Ancient Royal Charter Vs Criminal Justice Act
Tan Hill Fayre was the first of many attempts to re-establish our ancient right to celebrate traditional country fayres. Heather James recalls the first stand-off.
Squall 11, Autumn 1995, pg. 23.
The Tan Hill Fayre was set up by Royal Charter by Henry VII in 1499. It was granted by special grace to the Abbess of the monastery of St Mary in Winchester. The Abbess was licensed to hold a yearly fair on the feast of St Anne (6-7 August) in the Parish of All Cannings, Wiltshire. This is traditionally near Lammas - the Celtic festival of harvest. For the last 500 years (at least) a sheep and horse trading fayre has occurred with gypsies and travellers attending to buy and sell livestock and find work in the area at harvest time. Archaeological evidence suggests that people had been gathering on the hill since Celtic times and a dew-pond, estimated to be 5,000 years old, was used for watering stock.
The Fayre ran consistently until 1932, but lapsed with the outbreak of war. In 1994 the Dongas - a tribe of travellers from Twyford Down - resurrected the fayre with local support and attendance. An 87-year old man, who remembers the fayre as a boy, told of the lighting of beacon fires, playing games and feasting on roast beef and wild raspberries which grew on the hill.
This year the fayre was planned and promoted as a tribal gathering of feasting and merriment with no vehicle access. People travelled from all over the country to attend - mainly by ‘green’ transport. The Freedom Trail walked from Dartmoor pushing hand-carts and moving along the ancient droves and green-lanes with a donkey and goats; horse-drawn travellers arrived and one girl walked all along the ridgeway (50 miles) to attend.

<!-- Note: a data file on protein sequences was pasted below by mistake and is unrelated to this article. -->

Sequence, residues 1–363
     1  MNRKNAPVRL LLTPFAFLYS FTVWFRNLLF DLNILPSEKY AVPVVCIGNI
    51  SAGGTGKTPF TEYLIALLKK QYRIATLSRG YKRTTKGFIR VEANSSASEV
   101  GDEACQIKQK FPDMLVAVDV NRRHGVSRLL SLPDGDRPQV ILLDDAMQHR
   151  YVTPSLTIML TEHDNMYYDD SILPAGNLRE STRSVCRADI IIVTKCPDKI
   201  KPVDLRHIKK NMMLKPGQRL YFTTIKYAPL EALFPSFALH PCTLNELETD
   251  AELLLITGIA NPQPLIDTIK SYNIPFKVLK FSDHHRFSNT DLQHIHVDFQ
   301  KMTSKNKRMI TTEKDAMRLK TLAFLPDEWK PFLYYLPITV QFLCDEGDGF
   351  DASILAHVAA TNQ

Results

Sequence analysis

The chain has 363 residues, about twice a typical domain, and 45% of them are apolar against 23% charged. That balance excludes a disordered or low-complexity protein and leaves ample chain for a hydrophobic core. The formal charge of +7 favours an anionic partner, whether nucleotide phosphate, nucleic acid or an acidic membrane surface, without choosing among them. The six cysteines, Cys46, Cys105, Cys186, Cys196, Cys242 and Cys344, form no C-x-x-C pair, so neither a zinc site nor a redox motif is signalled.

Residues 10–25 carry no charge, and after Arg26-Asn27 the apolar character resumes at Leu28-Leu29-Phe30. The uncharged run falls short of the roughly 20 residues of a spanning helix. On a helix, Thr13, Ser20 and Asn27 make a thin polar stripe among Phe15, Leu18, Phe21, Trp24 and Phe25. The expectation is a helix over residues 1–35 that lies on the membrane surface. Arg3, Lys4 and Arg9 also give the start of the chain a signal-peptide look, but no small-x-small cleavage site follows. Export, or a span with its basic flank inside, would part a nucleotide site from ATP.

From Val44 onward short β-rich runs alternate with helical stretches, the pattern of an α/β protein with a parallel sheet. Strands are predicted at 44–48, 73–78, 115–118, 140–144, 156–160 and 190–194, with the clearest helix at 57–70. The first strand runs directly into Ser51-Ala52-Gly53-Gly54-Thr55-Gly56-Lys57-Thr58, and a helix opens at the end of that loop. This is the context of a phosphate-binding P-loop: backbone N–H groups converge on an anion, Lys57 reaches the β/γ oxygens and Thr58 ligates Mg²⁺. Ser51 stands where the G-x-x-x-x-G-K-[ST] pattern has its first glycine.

About 40 people camped on Tan Hill on Thursday evening (August 3rd, 1995). At about 10pm the landowner arrived with police asking the travellers to move. On Friday morning about five riot vans with dogs came on site. Police handed out notices to those at the camp demanding that people leave the site within one hour or they would be arrested under section 61 of the Criminal Justice Act (’94). A copy of the Royal Charter and map of the ancient site were shown to the police who responded by saying that the CJA over-rode the Charter. This is untrue.
The hot midday sun was beating down and several people were suffering with heatstroke. The travellers tried to reason with the police that they would leave once the heat had gone down and when the horse-drawn folk had returned to move their wagons and horses.
The police would not negotiate with the travellers and demanded that everyone move. Some of the horse-drawn people were not on site at the time and people who had no experience had to move the horses and tat three miles down hill to a drove.
The group met up again on a drove near Knapp Hill, a National Nature Reserve. After the land-owning farmer visited the site permission was given to stay for three days. Police circled in helicopters three times a day and took photographs.
With some 200 people in attendance the Fayre took off. Music and dancing around the hill forts and tumuli in the evening, feasting and gatherings during the day. On Sunday evening, the second day of the official Fayre, a small group visited Tan Hill to perform a ceremony of bartering, mead drinking, picnicking and dance. A beacon fire was lit which could be seen from the village, to inform people that the fayre had taken place - despite police harassment. However, the police arrived again and a quick departure was made.
That Sunday the police arrived again at Knapp Hill and handed out notices saying that unless everyone left and did not return within three months they would be charged under section 61: for more than two people trespassing and intending to stay; causing criminal damage (horse-grazing and fire pits are classed as damage) and having six or more vehicles (they included hand-carts and bike- carts as vehicles). By Monday the site was empty, all litter had been cleared and the drove was left as it had been found.
One point of note, the small print in the Charter guarantees all Fayre-goers immunity from jurisdiction of the land. Under “The Court of Pie Powder” all conflicts which arise must be resolved at the Fayre. This allowed travellers to come from abroad to sell their goods without recourse to the law, and shows that the Fayre was held in high regard not only in this country but internationally.
There are many such ancient fayres which were held all round the country, all waiting to be re-enacted. Go to your County Record Office and get researching. The Tan Hill Fayre intends to go ahead again next year and lawyers are being contacted to clear the legal situation.
Past Plots and Future Fields
- Shim Solomon looks at the continual erosion of access to land and enclosures in Britain over centuries, right up to today's CJA. Squall 9, Jan-Feb 1995.